• Focus on first-party data: First-party data refers to information collected directly from customers. By building relationships with consumers and maintaining frequent and continuous communication chains, brands can not only identify their key demographics but also understand their customer’s thoughts and concerns. To collect first-party data, simply ask a customer to share information and data in exchange for benefits, like offering free shipping on a purchase. This first-hand data will be useful in creating the right marketing messages and in the development of clear privacy policies that put users in control.
  • Leverage analytical tools: While complex data regulations make it difficult for marketers to collect and assess data, the solution to this can easily be found with the right attribution models and approach toward marketing analytics. Artificial Intelligence (AI) and analytical tools such as OneTrust and Alation, can provide insights and reduce the potential for non-compliance with global data protection regulations. Prominent brands often use these tools to analyse customer interactions and determine whether the proper disclosure of data collection as per the CCPA or GDPR has occurred. These tools also automatically prompt marketing teams in real time to share the required disclosure information.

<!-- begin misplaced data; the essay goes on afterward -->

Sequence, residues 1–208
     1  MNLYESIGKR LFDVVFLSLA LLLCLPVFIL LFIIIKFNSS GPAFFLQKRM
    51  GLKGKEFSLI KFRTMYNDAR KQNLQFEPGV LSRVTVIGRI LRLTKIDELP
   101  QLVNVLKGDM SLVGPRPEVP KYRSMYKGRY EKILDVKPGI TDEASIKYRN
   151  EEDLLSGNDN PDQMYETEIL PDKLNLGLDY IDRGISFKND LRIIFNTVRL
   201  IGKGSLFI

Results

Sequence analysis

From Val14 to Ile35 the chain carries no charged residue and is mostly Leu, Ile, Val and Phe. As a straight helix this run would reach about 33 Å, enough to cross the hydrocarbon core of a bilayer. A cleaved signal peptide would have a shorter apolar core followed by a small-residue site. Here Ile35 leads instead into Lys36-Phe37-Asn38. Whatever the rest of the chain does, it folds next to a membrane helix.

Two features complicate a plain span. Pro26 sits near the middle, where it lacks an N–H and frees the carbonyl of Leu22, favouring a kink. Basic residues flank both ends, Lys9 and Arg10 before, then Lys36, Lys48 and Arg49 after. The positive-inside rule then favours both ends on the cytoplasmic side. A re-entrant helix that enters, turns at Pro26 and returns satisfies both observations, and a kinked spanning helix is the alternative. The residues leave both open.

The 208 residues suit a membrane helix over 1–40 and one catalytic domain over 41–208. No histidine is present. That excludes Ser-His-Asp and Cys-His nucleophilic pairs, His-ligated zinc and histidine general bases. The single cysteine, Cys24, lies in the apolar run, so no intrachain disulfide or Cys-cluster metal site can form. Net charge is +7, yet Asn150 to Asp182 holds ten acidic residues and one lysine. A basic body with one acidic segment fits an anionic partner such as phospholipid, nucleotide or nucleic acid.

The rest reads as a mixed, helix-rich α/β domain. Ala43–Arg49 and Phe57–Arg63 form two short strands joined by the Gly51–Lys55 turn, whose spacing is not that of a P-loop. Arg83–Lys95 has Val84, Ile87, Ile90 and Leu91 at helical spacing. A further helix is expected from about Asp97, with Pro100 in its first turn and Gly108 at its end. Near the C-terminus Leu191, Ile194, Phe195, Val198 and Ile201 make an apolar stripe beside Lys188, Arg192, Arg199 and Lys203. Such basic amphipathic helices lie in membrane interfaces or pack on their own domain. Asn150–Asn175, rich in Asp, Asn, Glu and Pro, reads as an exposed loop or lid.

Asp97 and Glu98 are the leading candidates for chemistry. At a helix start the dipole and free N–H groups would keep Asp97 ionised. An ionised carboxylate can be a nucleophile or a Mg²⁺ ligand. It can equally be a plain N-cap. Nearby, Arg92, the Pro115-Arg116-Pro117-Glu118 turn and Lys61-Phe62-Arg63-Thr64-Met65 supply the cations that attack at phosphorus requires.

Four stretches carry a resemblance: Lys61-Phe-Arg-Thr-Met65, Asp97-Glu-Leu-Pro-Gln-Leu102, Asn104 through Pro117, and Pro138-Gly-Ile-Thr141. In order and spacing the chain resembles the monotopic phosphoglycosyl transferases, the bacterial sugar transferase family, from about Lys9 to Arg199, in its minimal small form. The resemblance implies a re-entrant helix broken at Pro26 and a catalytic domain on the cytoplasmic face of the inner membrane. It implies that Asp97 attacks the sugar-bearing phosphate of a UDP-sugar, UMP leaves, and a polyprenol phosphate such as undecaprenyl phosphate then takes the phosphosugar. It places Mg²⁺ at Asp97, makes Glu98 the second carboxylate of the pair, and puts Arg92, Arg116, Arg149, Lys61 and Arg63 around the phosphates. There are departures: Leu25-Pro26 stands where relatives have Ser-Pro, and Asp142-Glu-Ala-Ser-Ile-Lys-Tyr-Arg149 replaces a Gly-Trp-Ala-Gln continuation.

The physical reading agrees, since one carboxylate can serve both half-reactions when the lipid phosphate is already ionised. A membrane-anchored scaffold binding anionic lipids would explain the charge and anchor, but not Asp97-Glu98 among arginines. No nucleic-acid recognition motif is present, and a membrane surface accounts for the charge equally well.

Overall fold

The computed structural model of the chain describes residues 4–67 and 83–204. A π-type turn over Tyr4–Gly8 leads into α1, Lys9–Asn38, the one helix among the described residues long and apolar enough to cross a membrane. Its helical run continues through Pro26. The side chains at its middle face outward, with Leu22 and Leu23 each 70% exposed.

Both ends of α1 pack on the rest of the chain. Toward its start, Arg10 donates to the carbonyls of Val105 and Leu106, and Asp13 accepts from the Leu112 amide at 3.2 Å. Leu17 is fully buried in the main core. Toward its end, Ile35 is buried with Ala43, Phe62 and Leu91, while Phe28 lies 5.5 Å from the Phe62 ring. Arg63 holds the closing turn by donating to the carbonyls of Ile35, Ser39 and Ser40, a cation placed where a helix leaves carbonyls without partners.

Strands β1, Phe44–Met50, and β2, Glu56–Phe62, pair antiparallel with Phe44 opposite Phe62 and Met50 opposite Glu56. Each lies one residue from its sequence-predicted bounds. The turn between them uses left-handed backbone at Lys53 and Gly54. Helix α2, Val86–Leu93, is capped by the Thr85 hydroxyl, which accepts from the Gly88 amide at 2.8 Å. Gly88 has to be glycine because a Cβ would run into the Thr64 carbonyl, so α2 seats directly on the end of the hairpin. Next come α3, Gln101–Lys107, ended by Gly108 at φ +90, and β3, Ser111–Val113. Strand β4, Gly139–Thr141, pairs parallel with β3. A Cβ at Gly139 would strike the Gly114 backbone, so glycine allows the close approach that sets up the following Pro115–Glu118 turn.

• Put the word out: In leveraging an omnichannel approach, marketers need to adopt transparent communication and messaging on all its platforms. This means putting the word out regarding your data collection policies where consumers can easily access and vet through. Some marketers have already taken the necessary steps to seek permission from consumers regarding their personal data collection. For instance, the incorporation of opt-in checkboxes that asks for user’s consent for cookie tracking and the creation of dedicated web pages where users can access, modify, or delete their personal information. 

In the era of heightened digital media consumption and the current work from home situation, companies are heavily reliant on digital data to efficiently reach their customer base. As global regulations create more conversation and urgency around data privacy, transparency is the only solution to guaranteed marketing success.By giving modern consumers the liberty to opt in or opt out of data collection, brands are making significant changes to responsibly safeguard customer privacy and maintain compliance as well as consumer trust. However, data quality is often overlooked when compared with data quantity (more isn’t always better!).

Looking to the future, marketing teams would need to take note of how data collection provides value to the company’s best practices and what risks are involved in storing such enormous loads of data.